Optus was forced to apologize after a customer received a very blunt response from staff when they contacted the company with a question following their disruptive hours-long outage.
The telco’s response to Wednesday’s massive 12-hour nationwide blackout that affected 10 million customers was to give in 200 GB of additional data for their “patience and loyalty”.
The outage prevented individuals and businesses from making and receiving calls and carrying out transactions, with CEO Kelly Bayer Rosmarin only appearing publicly several hours after the tragedy, leaving the communications minister in front of the cameras.
An Optus user took to Reddit to share their interaction with customer service when they questioned 70GB of bonus data added to their account after the debacle.
He claimed the company canceled his $30-per-month plan with 15GB of data and upgraded him to a more expensive plan in the process — and that he didn’t even use a fraction of the 15GB anyway.
But the icing on the cake was the response he received telling him that the change was “automatically applied” and that he had the choice to cancel the plan before the change happened automatically.
The last sentence was brief: “Either you will stay or you will not stay.”
An Optus customer took to Reddit to share the ‘unexpected’ response they received to a question
Optus said Daily Mail Australia users are contacted by text and email before any such changes are made and given the opportunity to unsubscribe.
“We recognize that, in this instance, a customer’s experience did not meet our standards and we sincerely apologize for any inconvenience caused,” a spokesperson said.
“Optus is committed to providing transparent and timely customer service when handling complaints. »
“Our representative will receive feedback and advice on best practices for effective communication with our customers. »
Commenters on the Redditor’s original post said the response was “unprofessional” and that customers needed to do more work to undo a change to their account that they didn’t request.
Ms Bayer Rosmarin said earlier this week that bonus data worth $100 would be given to customers as an apology for the outage.
This is the second debacle for the company in just over 12 months after a massive hack in September 2022 compromised the information of 10 million customers.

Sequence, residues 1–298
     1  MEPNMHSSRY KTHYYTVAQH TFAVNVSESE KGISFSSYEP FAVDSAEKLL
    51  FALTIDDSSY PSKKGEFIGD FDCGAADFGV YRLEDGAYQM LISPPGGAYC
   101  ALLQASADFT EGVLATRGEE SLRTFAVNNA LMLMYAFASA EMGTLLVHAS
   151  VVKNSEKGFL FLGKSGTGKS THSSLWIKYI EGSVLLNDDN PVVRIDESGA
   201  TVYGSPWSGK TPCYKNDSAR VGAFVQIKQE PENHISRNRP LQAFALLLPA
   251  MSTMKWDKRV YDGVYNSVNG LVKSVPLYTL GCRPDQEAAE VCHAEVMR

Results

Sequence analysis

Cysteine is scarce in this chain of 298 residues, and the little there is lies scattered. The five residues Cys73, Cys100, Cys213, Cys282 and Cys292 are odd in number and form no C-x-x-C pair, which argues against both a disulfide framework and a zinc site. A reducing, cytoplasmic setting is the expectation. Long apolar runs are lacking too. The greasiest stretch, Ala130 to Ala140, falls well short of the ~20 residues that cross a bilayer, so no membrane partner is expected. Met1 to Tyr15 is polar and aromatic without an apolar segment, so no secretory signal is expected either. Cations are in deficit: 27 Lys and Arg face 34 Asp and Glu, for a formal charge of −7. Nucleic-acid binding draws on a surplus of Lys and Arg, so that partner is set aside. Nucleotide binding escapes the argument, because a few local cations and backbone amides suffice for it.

Ms Bayer Rosmarin is grappling with her own public relations disasters, linked to her response to the two incidents, which have been widely criticized.
Kelly Bayer Rosmarin (pictured) has been the CEO of Optus since April 1, 2020, but most people only hear her name when the company is caught in a PR disaster.
The Australian Competition and Consumer Commission said small businesses may be entitled to additional compensation.
“Small businesses that have suffered reasonably foreseeable loss or damage due to the inability to provide the service may be entitled to compensation and this will vary depending on the specific circumstances,” an ACCC spokesperson said. .
Federal Labor Minister Bill Shorten said Friday the additional data would “not touch” customer frustration and encouraged small businesses to speak with their account managers.
“The Telecommunications Industry Ombudsman can help small businesses who are unhappy with the answers. I would encourage these customers to keep records, document the impacts of the outage on them, but it was a nightmare for everyone the world,” he told Sydney radio station 2GB.
Small Business and Family Enterprise Ombudsman Bruce Billson said problems faced by small businesses on the Optus network had not been resolved and rejected suggestions from the telecommunications company that compensation for loss s ‘would rise to $2 per day.
“Small businesses rely on telecommunications as an essential service, but they have been poorly served by Optus throughout this event and some have suffered a significant economic cost,” he said.
Customers, politicians and business figures have criticized Optus over the outage, with the Greens securing a Senate inquiry into the disaster and the federal government launching an inquiry.
Business and personal customers were left without access to essential phone and internet services for more than 12 hours on Wednesday.
In September last year, the company suffered a massive data breach that affected millions of Australians whose sensitive documents, including passport and health insurance numbers, had been leaked online.
Optus claimed the outage was caused by a “network event” that triggered a cascading outage. Its engineers are studying the problem.
National leader David Littleproud said this highlighted the need to impose national mobile roaming in rural and remote areas, so users could access services outside their own network coverage.
“We need a common-sense approach to this problem… by starting mobile roaming in regional, rural and remote areas, we can target it to the areas that need it most,” he said. he declares.
“The urgency for the regions is the tyranny of distance we face and the threat of natural disasters such as the next bushfire season.”